Strandfontein

Desalination for Cape Town – Numbers and Facts – South Africa

3. What about in South Africa?
In South Africa desalination is used quite widely by mines to clean up polluted mine water and acid mine drainage. Small to medium-scale desalination has also been used in coastal towns during times of drought. Six municipalities are currently using small-scale reverse osmosis plants to desalinate water for bulk water supply.

Mossel Bay has a medium size desalination plant capable of producing 15 million litres of potable water per day but the plant is currently on standby as the dams in the area are full. Standby mode requires continuous maintenance to keep the plant functional which costs the municipality money whilst not producing any water.
The Knysna municipality has a desalination plant capable of producing 2 million litres per day which is currently shut down for maintenance and repairs. During normal operation, the plant is used at the discretion of the municipality. Currently there is sufficient water in Knysna so use of the plant is minimised due to the high operational costs.
Plettenberg (Bitou municipality) has an operational desalination plant producing 2 million litres per day.
There are two desalination plants in the Ndlambe municipality, namely the Bushman’s River Mouth and Cannon Rocks plants, that produce 1.8 and 0.75 million litres per day respectively. Both plants are currently producing at full capacity.
The Cederberg municipality has a plant in Lamberts Bay with a capacity of 1.7 million litres per day (upgradable to 5 million litres per day); however, this plant is not operational yet as it is still newly developed.
Richard’s Bay has a desalination plant that was installed during the 2016/17 drought to provide the town with 10 million litres per day. It has been operating at an average rate of 6 million litres per day. The plant has had several problems, particularly cable theft, which has interrupted supply, and excessive pressure, which resulted in pipe bursts in the areas receiving water.
4. What desalination is in the pipeline for Cape Town?
Four of the seven augmentation projects that will bring new water online for Cape Town are desalination plants. They are based at the Waterfront, Cape Town harbour, Monwabisi and Strandfontein (the latter two on the False Bay coast). These are relatively small-scale operations. The City has been criticised for initially trying to bring on smaller and quicker plants to provide water during a Day Zero scenario as these are more expensive. At one stage we were going to bring in desalination barges. Barges have only worked successfully in more sheltered sea areas in the Red Sea and the Gulf. There is very little international capacity in this market at the moment, and this is currently not a viable option for Cape Town. Barges are also generally more expensive than land-based desalination.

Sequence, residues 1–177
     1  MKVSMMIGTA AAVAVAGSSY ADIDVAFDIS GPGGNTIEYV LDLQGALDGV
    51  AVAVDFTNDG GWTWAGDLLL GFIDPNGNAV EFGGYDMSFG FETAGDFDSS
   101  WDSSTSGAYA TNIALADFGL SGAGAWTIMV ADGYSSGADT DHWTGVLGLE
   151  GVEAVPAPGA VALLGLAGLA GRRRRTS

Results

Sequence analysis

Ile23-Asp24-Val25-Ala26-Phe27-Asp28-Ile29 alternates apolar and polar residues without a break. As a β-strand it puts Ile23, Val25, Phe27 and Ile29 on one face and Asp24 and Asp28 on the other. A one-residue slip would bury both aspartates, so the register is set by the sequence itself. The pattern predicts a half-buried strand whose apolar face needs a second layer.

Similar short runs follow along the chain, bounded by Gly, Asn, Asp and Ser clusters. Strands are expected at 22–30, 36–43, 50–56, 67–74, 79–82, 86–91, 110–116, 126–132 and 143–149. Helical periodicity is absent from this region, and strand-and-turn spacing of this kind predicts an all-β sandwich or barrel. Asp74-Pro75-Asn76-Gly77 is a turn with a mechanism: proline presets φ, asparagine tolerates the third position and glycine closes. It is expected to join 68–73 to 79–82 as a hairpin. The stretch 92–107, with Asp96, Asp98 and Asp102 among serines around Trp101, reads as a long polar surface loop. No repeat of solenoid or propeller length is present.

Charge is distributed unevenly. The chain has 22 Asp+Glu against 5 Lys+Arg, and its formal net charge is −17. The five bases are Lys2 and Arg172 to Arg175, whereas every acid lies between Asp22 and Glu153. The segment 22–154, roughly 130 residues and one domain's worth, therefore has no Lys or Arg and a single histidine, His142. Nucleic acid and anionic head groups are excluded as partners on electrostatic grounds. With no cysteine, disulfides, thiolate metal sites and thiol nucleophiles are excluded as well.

5. So why aren’t we doing more desalination in Cape Town?
For arid and drought-stricken coastal cities, desalination can be an important source of water which is completely independent of local rainfall. However, desalination remains the resource of last resort for most cities because it is the most expensive. Desalination takes longer to bring online than drilling the shallower boreholes in Atlantis and the Cape Flats. Desalination would also be more cost-effective at larger scales between 150 to 200 million litres per day would be the best economy of scale for Cape Town.

6. What other constraints are there?
The availability of electricity is also a potential issue. Concerns have been raised in the United States that electricity supplies in local grids are not able to accommodate new desalination plants built in response to the Californian drought. South Africa is not long out of an electricity crisis. A further energy crisis at the same time as a water shortage would place this source at risk. Some plants overseas are starting to operate with solar energy, and this could be an option for Cape Town in the long-term. At the moment most of our energy is generated using coal-fired power stations and this means our energy generation puts a lot of greenhouse gases (GHGs) into the atmosphere which is a cause of climate change – which in turn would fuel future droughts.

9. How expensive is desalination compared to other water sources?
Globally desalination is between two to four times as expensive as most other sources depending on the relative cost of capital equipment (how much has to be imported etc), the cost of energy and the cost of labour to implement other water savings. By way of comparison the costs for Cape Town would be:

Raw surface water | between R1 and R4 per kilolitre
Alien clearing to release more water from our catchments | from R6 to R15 per kilolitre
New groundwater | around R15 per kilolitre
Reclaiming and re-using treated waste water | between R10 and R20 per kilolitre
Large-scale, permanent desalination | between R10 and R22 per kilolitre
Smaller, short-term desalination | R34 to R44 per kilolitre

(LINK)

Monwabisi desalination plant starting side preparation – Cape Town – South Africa